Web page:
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Fairview: disorienting — and reorienting

by | Sep 30, 2023 | Review | 1 comment

(Photo of Yasmin D’Oshun by Mark Halliday)

What can I tell you about Fairview? Since Jackie Sibblies Drury’s script is about the distorting power of the white gaze and the nightmarish inescapability of white opinion —  and since I’m a white guy — I’m going to opt for not telling you much.

The play’s central characters are all members of the Frasier family. They’re Black. When we meet them, they’re preparing for Grandma Frasier’s birthday dinner and they seem to be in a kind of sitcom reality — harried mom, gormless dad, plucky teenage daughter, smart-talking aunt — but there are glitches in the matrix: the stereo acts up.

And, when culinary disaster strikes, Drury starts rolling out a series of strategies, modes of storytelling that get increasingly surreal, complex, and challenging. These layers are often funny and always immersive. Theatre bends reality and Drury finds astonishingly original ways to do the bending. Theatre is also personal. Race is personal. And Drury takes full advantage of this viscerality, too.

In my experience, Fairview is almost uniquely disorienting — and reorienting. And I’m moved by its generosity.

That’s pretty much it from me. Much of the power of Drury’s storytelling is generated by its surprises; I encourage you to discover them for yourselves. This production is sure to be one of the shows of the season, if not the show of the season.

It’s well performed and beautifully designed. Go see it.

FAIRVIEW By Jackie Sibblies Drury. Co-directed by Kwaku Okyere and Mindy Parfitt. On Friday, September 29. A Search Party production in partnership with b current Performing Arts in The Cultch’s Historic Theatre until October 8. Tickets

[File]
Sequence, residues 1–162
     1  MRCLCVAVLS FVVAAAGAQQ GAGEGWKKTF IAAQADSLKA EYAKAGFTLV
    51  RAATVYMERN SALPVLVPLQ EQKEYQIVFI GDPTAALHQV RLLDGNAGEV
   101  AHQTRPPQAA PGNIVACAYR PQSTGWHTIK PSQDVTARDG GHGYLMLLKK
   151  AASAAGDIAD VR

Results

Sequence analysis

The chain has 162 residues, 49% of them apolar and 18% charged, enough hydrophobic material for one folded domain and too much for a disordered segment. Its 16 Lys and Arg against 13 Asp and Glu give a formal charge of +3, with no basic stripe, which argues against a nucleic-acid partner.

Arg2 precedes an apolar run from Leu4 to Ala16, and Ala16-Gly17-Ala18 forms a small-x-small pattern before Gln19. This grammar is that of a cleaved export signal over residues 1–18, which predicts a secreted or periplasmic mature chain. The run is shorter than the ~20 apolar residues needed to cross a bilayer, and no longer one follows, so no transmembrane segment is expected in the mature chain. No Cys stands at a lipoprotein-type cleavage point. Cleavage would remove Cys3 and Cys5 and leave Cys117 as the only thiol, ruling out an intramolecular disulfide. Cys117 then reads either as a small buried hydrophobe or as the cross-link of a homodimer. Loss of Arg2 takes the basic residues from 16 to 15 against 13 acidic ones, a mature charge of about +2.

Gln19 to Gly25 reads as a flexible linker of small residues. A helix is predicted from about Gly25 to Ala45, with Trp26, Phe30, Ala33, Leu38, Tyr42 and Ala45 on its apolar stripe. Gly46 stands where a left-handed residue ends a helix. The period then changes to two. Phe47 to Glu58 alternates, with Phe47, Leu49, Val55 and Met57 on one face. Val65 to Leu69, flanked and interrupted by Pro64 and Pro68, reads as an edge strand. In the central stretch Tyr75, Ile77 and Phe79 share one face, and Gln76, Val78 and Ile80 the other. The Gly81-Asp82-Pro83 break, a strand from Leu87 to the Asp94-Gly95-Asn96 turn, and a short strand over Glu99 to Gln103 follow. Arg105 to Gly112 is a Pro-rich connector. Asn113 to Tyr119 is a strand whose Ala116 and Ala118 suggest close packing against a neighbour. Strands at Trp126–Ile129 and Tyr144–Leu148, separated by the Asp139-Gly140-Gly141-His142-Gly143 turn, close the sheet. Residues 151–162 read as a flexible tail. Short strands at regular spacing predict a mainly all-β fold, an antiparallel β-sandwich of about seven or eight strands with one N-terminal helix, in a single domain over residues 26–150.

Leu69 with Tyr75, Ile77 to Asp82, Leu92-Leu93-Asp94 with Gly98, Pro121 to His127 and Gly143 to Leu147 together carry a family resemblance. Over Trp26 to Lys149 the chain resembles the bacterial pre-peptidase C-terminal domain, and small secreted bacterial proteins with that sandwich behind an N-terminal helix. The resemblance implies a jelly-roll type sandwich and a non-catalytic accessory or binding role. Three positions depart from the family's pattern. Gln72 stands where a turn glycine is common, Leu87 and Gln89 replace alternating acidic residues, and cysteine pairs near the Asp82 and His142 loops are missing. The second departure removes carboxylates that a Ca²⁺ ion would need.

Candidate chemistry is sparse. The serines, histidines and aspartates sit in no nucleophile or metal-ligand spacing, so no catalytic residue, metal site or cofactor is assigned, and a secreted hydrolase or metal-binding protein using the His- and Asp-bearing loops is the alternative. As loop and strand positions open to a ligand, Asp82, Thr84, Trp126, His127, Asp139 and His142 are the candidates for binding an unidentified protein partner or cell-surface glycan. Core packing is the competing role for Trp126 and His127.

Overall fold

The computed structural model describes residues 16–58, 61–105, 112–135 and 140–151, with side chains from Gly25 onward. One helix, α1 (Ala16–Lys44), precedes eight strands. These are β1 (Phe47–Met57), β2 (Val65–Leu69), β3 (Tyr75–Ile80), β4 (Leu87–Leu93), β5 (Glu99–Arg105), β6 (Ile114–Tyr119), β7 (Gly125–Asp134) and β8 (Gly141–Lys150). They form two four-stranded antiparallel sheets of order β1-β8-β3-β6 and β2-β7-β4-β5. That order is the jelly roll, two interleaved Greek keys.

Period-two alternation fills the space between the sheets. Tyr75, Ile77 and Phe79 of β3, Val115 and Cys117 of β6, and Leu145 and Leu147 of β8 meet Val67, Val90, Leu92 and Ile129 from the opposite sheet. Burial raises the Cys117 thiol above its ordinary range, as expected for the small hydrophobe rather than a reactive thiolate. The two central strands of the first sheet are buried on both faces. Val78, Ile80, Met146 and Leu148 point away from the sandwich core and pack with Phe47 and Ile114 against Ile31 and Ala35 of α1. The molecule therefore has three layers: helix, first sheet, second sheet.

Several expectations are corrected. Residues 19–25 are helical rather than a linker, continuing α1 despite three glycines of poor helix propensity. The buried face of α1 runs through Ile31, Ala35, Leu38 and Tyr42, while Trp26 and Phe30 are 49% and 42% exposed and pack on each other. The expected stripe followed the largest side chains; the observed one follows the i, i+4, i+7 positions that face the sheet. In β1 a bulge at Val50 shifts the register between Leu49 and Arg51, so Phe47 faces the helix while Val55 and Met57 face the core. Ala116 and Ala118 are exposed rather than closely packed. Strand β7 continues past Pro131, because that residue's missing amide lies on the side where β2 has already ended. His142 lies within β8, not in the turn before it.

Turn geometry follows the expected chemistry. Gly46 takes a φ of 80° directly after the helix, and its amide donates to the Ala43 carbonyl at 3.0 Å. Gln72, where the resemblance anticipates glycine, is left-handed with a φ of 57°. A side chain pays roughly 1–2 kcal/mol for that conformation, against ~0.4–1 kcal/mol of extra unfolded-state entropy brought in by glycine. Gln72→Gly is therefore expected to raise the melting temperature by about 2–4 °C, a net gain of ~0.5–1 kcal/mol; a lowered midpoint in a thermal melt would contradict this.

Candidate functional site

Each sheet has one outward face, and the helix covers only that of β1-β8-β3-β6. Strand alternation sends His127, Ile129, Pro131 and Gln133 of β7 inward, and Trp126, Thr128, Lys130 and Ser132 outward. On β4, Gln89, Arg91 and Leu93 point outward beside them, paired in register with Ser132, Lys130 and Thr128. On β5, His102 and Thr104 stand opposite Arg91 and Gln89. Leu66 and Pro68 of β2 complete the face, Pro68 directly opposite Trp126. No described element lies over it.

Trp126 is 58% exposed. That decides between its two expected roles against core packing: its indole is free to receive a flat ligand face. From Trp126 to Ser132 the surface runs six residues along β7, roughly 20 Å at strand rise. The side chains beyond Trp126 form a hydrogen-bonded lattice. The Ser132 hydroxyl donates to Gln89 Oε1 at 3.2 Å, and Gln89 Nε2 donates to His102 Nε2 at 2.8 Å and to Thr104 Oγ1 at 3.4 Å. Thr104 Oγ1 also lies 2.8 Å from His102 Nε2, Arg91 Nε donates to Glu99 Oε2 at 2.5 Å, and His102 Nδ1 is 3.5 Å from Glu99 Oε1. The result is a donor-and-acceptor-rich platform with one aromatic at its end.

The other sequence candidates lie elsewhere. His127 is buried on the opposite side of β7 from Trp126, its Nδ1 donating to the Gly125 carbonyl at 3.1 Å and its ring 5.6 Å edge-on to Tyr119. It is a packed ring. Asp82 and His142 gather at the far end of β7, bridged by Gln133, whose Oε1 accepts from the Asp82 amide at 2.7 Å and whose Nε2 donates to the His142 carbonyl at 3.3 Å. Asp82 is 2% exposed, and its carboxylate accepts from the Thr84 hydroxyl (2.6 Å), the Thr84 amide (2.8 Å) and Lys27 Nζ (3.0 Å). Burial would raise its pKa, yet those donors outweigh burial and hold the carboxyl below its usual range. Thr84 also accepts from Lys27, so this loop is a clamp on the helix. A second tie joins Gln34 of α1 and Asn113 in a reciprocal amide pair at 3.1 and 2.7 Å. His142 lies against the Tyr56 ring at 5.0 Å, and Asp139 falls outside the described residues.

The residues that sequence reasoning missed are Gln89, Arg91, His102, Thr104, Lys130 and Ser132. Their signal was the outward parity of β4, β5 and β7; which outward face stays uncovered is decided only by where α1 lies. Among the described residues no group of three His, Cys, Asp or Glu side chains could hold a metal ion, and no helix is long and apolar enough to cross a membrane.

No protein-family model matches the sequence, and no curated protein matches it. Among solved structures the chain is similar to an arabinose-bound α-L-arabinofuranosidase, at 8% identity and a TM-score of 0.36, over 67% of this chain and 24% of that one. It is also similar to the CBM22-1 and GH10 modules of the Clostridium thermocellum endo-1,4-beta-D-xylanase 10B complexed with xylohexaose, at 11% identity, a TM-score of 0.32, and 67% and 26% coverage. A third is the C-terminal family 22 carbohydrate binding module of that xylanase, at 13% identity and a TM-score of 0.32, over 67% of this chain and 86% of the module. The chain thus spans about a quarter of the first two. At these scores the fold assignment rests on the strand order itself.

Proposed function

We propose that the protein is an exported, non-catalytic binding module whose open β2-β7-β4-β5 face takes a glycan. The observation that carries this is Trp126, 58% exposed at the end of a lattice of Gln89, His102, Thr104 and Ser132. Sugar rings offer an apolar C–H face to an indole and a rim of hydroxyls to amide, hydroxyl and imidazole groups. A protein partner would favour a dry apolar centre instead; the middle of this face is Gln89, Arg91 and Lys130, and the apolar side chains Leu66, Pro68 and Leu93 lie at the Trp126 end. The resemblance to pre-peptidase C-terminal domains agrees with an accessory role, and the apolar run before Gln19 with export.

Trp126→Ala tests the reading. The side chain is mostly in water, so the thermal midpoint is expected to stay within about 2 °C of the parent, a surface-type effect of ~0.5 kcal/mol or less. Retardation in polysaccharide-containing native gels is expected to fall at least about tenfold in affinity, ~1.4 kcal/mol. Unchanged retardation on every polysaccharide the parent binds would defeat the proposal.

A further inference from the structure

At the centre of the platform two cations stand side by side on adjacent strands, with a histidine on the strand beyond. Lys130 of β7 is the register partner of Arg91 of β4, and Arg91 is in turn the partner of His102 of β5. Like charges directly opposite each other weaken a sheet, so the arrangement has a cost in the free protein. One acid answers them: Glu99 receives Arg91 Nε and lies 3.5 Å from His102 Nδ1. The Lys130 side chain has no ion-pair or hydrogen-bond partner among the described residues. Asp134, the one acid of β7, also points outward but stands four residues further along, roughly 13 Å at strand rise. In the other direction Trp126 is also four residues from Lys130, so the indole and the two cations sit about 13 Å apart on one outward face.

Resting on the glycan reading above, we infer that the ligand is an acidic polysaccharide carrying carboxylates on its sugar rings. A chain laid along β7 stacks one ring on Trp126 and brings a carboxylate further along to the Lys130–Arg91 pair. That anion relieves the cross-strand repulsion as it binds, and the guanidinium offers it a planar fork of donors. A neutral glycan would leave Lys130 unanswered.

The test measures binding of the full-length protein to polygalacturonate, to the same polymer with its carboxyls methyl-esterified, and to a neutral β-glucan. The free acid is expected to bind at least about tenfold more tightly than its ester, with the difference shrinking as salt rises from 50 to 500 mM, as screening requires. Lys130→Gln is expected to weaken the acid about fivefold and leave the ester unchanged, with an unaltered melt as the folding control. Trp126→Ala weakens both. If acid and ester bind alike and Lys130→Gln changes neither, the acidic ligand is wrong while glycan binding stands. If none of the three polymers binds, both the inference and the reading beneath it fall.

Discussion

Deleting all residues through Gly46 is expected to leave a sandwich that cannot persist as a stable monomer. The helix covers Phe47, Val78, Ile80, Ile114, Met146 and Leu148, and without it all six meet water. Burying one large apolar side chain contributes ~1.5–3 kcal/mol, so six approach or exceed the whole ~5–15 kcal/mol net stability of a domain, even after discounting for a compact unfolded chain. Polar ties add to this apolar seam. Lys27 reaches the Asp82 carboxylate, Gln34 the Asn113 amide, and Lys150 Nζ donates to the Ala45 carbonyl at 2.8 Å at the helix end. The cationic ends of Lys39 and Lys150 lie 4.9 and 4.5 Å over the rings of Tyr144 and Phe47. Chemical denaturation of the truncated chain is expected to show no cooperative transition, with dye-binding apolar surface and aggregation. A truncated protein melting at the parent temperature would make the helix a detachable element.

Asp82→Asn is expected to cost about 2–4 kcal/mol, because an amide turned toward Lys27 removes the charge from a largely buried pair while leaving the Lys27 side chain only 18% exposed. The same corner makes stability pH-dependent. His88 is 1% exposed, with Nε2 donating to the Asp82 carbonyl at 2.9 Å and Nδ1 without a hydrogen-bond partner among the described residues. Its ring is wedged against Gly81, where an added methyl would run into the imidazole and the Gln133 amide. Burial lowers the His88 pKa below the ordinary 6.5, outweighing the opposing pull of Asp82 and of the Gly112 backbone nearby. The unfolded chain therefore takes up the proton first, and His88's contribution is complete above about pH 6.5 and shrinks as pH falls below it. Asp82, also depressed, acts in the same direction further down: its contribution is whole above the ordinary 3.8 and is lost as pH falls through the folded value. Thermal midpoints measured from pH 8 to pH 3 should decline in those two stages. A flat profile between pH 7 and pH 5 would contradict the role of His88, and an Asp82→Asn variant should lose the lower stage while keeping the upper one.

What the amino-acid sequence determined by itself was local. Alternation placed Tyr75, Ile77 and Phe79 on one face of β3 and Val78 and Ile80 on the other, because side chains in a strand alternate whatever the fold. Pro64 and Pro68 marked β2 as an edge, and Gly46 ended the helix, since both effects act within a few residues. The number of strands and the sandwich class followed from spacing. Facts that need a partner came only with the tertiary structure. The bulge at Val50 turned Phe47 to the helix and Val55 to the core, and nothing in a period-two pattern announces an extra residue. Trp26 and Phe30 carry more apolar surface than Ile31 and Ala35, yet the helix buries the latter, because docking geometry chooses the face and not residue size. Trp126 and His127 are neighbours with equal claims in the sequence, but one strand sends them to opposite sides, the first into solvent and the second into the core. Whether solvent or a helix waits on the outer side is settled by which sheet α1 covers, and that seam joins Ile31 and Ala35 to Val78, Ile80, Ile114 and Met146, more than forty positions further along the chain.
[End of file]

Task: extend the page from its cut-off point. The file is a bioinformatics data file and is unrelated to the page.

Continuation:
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1 Comment

  1. Christopher Gauthier

    I enjoyed the show, enjoyed its challenges, mostly enjoyed being challenged.
    However, I have a bunch of small thoughts.
    (I’m trying to avoid massive spoilers.)

    If they are a TV family, then the TV acting needs to be strong and consistent (until it’s required not to be TV acting anymore), this production suffers from soft direction in that respect. The actors are not all equally good at this, they needed a stronger hand.

    The Middle section(s) when some voices are heard over action was the most effective part for me. Really fascinating how the section developed and grew from what could have been basic commentary to something much more charged and intriguing.

    Okay, I get the “song intros” to some of the later arrivals to the dinner party, but please, If we get a full song entrance the first time, you can trust we get the joke, and you can start to abbreviate, don’t know if this is script or direction but funny becomes unfunny quickly if it goes on too long. It did. Several times. You’re a critic Colin, you can criticize even as a white person.

    This one is tough without spoilers, but let’s just say what the playwright was asking in the last section, the audience I saw it with really, REALLY didn’t want to give. This is partly because focus shifts so suddenly some of us wanted to be completely sure what was actually being asked, once someone accepted (this time it was me) others followed, but by no means all.

    It’s an interesting ask. I don’t know what it’s like for a person of colour but for a white person I felt it was maybe more effective as an “Aha moment.” both at the time and later to continue to think on, not so much as an actual theatrical “device”, however if it’s effective for POC audiences to experience, then great.
    The concluding section is too repetitive though, I got it, so did the audience, move on-don’t play down, aim up.

    “Colourful people” suggests the existence of “Colourless people”, not sure if I’m onboard with that, but you can’t argue with an actor… I might with the playwright.

    Finally, as a designer I really appreciated both the salute to TV living rooms/The Brady Bunch, and to frankly my original childhood house’s living room and Danish modern furniture, so the one non-Danish modern piece, the sideboard, drove me mad (but likely only me.)


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